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Norwich: Bank of England branch: survey drawings, designs for alterations and related documents for 17 premises including the selected one in Queen Street, 1827-1829 (91)

A branch bank in Norwich was proposed in May 1827 but a difficulty lay 'in obtaining suitable premises at a reasonable price' (W. Marston Acres, op.cit., p. 435). This, as well as the number of persons interested in selling or leasing their premises to the Bank of England, explains the fourteen buildings that were considered before it was decided in late 1828 to buy a house in Queen Street.

Queen Street was known as 'Red Well Street' until the early nineteenth century, and this is the name that appears on a map of Norwich in the Soane collection (SM 57a/3/9), dated 1789, to which Mr Foster's premises have been added in pencil, as well as premises in Tombland and St Martin's Street.

Survey drawings and preliminary designs for alterations to the premises were made in 1828 (drawings 48-66). Substantial interior alterations were required to make the premises suitable for banking and accommodation for the sub-agent, Mr Welsden (drawings 67-73) including the construction of a treasure vault (drawings 74-75) and the enlargement of the kitchen (drawings 79-82).The new bank was opened in 1829 but closed in 1852 and sold two years later.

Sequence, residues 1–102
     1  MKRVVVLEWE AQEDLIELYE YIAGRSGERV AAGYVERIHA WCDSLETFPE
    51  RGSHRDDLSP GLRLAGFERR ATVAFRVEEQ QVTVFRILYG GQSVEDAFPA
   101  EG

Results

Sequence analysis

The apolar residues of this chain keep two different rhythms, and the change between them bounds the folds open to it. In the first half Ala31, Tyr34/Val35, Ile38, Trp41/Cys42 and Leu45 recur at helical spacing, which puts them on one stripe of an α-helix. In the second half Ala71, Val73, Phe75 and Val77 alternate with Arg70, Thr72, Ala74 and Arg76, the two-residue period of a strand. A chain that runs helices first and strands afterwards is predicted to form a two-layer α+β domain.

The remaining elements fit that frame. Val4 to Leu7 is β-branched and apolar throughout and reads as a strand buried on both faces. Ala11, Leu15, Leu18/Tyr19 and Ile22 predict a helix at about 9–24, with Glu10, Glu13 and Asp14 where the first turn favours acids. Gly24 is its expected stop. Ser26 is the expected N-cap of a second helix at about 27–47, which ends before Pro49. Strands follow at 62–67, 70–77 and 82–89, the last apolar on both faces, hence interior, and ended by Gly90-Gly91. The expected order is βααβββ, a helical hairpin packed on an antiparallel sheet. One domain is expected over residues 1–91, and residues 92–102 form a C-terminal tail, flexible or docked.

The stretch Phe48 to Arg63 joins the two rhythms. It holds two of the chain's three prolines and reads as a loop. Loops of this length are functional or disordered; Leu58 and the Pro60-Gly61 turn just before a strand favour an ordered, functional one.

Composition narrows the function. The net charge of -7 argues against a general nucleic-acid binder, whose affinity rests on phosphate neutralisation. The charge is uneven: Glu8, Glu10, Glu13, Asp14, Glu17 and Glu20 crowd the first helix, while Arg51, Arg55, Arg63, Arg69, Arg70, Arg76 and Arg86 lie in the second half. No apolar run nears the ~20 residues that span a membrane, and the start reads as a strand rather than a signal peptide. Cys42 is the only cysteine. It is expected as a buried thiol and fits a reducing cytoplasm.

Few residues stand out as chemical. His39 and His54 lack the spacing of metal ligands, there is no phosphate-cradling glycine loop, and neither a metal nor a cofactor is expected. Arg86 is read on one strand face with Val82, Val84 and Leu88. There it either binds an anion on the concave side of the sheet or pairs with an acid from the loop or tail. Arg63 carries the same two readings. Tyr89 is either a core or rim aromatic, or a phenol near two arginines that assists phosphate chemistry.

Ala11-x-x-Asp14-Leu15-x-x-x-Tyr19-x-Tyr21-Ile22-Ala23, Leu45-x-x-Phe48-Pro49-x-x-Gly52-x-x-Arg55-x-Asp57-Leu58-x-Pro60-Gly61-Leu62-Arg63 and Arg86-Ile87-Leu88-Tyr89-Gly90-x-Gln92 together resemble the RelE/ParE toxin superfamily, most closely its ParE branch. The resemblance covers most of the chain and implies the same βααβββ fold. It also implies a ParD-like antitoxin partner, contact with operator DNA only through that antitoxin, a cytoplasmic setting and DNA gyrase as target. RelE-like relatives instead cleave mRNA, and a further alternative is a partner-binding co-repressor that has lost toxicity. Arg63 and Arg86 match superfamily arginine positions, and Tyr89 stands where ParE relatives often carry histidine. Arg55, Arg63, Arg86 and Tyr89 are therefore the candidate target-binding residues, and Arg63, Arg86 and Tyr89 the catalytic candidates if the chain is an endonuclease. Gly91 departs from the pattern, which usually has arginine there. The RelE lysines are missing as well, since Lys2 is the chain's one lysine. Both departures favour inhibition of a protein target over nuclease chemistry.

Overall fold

The upper part of the branch bank was demolished before the second world war when a shoe factory behind was extended, but was reconstructed in 1969. Both Mr Gidney's premises to the right of the court and the Foster and Unthank offices to the left do survive and are listed Grade II and the yard is still known as 'Old Bank of England Court'.

Literature:
W. Marston Acres, The Bank of England from Within, 1694-1900, Vol. II, 1931, pp. 435-6; N. Pevsner and B. Wilson, Norfolk 1: Norwich and North-East, 1997, pp. 293-4; J. Plunkett, George Plunkett's Photographs of Old Norwich, <http://www.georgeplunkett.co.uk>; English Heritage, Old Bank of England Court (Right Hand Side), <www.britishlistedbuildings.co.uk>; English Heritage, Old Bank of England Court (Left Hand Side), <www.britishlistedbuildings.co.uk>

Tom Drysdale, March 2013
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